Madonna and Child of Budapest
The God who suffers with us and for us
In light of violence in the United States and around the world, I would like to share an image I painted and a meditation I wrote. This meditation was originally published on the international www.Artway.eu website, for Lent of 2021. Here is the link to my original publication.
As we seek justice, may we know God’s comfort and the peace of Christ.
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The Afflicted Ones Rising
by Barbara Sartorius Bjelland
In all their affliction he was afflicted,
and the angel of his presence saved them;
in his love and in his pity he redeemed them;
he lifted them up and carried them all the days of old.
Isaiah 63:9, RSV
This painting was inspired by a recent trip to Budapest. The two background buildings are the Hungarian Parliament and St. Matthias Church which actually face each other across the Danube River. One night I visited the Shoes on the Danube Bank, a small memorial next to the Hungarian Parliament building. Sixty pairs of bronze shoes tell the story of the 3,500 people, many of them Jews, who were killed at that spot by Nazi collaborators during WW II. The victims were lined up, ordered to remove their shoes, and then shot, their bodies falling into the river and turning it red with their blood. The image sticks in my mind—little children’s shoes, stylish women’s pumps with curved heels, men’s lace-up walking shoes, none of which could protect the people from the horror at the hands of their fellow human beings.
“Shoes on the Danube” photo by Nikodem Nijaki; Commons:Valued image candidates/Shoes on the Danube Promenade - Holocaust Memorial in Budapest found at:
There was an oppressive dreariness about the place. I could not fathom the atrocity. I felt connected to both the oppressed and the oppressor, knowing that my grandmother was a Jewish American and my grandfather was a German. At the memorial there were freshly laid flower bouquets and burning candles. In the dark waters the reflected lights of Parliament mingled with the candlelight. The lights illuminated a pathway across the river to St. Matthias church, the most beautiful church I have ever seen. It was if I were glimpsing the heavenly Jerusalem on the other side.
Above photo of “Shoes on the Danube” ©2020 Barbara Bjelland
My personal tragedy years before
was the still-born death of our first child, near full-term. At that time God provided comfort through an image of Mary. So, as I prayed for God’s love and redemption to bloom in the place of the memorial, this image came to me. The Madonna was inspired by the brown-skinned Virgin of Guadalupe with her star-studded mantle, a woman “clothed with the sun with the moon under her feet” (Revelation 12:1, RSV).
The virgin’s cape rolls and wraps around the child like the waves of the river. I pictured the Madonna and child descending into the waters with the slaughtered people. The mother and child also ascend, carrying the people up to God. The faces that unintentionally turned up in the upper church windows seem to be angels or heavenly beings with expressions of horror, expressions much like the man standing on the bridge in Edvard Munch’s painting, The Scream. There is a paradox in my painting—one that cuts through the heart of our world: if God is all-loving and all-powerful, why does he allow such evil? An intellectual understanding of the consequences of free will, the pervasiveness of sin, and the brokenness of all Creation, does not fully satisfy. It is more accurate to say that Satan and his workers, though conquered, are still alive and active in this world.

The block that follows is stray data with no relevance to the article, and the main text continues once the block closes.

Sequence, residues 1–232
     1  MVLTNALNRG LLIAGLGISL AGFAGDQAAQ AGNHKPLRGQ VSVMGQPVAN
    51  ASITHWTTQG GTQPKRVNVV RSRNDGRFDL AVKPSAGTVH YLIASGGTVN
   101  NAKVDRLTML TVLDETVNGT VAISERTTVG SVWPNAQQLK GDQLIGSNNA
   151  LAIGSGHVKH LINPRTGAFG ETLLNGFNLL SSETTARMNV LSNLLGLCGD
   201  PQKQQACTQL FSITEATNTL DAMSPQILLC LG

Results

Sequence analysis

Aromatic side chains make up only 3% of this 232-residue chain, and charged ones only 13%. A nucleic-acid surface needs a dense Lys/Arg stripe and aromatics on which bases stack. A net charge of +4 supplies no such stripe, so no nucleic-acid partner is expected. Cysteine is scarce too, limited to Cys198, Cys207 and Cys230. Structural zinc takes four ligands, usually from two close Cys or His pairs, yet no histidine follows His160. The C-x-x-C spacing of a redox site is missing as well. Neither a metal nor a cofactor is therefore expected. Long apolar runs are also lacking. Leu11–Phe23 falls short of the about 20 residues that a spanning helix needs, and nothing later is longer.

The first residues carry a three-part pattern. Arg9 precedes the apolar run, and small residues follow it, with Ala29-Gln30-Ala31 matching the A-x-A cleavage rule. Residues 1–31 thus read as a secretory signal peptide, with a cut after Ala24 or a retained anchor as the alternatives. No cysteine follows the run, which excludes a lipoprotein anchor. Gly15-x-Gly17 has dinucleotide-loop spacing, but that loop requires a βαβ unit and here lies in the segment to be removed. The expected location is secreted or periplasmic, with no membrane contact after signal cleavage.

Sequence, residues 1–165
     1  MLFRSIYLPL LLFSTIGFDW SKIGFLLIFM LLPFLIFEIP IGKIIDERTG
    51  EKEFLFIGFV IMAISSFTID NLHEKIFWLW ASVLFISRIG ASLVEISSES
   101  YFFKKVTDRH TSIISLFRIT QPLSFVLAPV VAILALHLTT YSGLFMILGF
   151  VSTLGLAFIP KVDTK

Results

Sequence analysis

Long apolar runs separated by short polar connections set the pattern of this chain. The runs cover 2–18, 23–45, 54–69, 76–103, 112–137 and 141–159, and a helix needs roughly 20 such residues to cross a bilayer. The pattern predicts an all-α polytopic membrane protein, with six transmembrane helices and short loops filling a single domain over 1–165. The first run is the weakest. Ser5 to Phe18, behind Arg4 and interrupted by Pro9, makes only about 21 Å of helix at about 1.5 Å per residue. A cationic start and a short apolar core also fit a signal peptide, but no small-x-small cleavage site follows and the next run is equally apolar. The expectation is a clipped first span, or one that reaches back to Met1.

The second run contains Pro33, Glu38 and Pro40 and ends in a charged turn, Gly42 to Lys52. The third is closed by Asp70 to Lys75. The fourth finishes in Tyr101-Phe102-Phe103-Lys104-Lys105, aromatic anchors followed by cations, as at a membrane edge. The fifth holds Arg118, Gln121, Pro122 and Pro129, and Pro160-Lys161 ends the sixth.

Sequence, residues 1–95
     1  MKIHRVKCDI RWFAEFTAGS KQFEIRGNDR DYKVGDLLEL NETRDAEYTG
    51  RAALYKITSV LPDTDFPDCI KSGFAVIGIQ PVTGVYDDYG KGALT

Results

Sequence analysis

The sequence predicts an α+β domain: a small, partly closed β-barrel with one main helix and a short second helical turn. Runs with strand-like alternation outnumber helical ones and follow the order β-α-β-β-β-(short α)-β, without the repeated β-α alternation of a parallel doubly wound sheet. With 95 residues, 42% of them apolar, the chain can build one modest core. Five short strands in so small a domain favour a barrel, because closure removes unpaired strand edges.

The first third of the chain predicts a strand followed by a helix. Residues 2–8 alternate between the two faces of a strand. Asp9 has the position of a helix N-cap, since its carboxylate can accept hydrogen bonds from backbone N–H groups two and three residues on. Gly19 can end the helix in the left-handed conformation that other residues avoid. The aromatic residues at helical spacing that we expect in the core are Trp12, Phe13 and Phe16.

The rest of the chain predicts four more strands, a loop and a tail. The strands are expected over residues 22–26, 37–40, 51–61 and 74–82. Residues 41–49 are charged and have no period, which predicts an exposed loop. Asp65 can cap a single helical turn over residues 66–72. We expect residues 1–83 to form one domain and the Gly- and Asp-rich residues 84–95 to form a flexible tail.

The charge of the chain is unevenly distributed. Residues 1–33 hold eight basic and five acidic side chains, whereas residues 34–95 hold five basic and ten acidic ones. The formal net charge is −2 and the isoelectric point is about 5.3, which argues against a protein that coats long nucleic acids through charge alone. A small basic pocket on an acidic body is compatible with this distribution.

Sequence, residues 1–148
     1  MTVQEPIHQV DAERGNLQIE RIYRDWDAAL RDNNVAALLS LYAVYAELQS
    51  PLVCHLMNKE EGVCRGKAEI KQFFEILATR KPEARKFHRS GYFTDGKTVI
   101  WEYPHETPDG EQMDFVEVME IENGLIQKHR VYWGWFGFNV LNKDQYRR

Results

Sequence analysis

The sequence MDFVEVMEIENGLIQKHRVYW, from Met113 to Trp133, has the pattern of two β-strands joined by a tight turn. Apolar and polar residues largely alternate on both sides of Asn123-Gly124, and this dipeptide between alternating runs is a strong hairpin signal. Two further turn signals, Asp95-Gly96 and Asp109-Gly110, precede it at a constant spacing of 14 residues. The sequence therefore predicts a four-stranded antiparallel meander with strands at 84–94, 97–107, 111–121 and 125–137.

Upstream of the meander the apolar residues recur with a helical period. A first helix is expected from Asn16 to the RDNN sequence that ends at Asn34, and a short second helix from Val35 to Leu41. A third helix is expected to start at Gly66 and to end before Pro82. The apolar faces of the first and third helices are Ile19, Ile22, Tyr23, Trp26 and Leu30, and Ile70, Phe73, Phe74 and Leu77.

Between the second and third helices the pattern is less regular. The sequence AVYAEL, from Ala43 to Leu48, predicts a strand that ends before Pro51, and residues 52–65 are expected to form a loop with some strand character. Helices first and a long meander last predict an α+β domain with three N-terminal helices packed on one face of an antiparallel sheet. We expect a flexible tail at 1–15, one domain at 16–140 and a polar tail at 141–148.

Lent reminds us that God does not stand far off in our suffering. Christ came to suffer to conquer sin and death, and he suffers with us today. As Isaiah writes, “In all their affliction he was afflicted and the angel of his presence saved them.” There is another message that rings throughout Scripture: Christ will return and the veil of death, evil and sadness will be removed forever.
As God promised through the prophet Malachi, “The sun of righteousness will come with healing in its wings (Malachi 4:2).” And we will gaze upon this son face to face.
As we wait, Christ gives us signs of his love and care. The deep reds and purples in the painting point to Christ’s blood and the bread and wine of the Eucharist. We celebrate that God’s love has come to us and binds us together across all our divides. The moon above curves toward Mary and the child like the eye and hand of God. I often gaze upon the moon and feel the love and peace of God shining down on me. The hand of the Father sends forth his own child that he may return with victory spoils: hearts turned to him, love responding to Love. The stars give light and the sky is alive. Here I am inspired by the crescent moons and magical realism of Marc Chagall, whose work whispers that “all the air has wings.”
May we have eyes to see the multivalent signs of God’s presence with us, and may we be transformed by that seeing. May the power of the Holy Spirit give us hope. May we live out our calling as Christ’s image-bearers, knowing each act of mercy has eternal significance.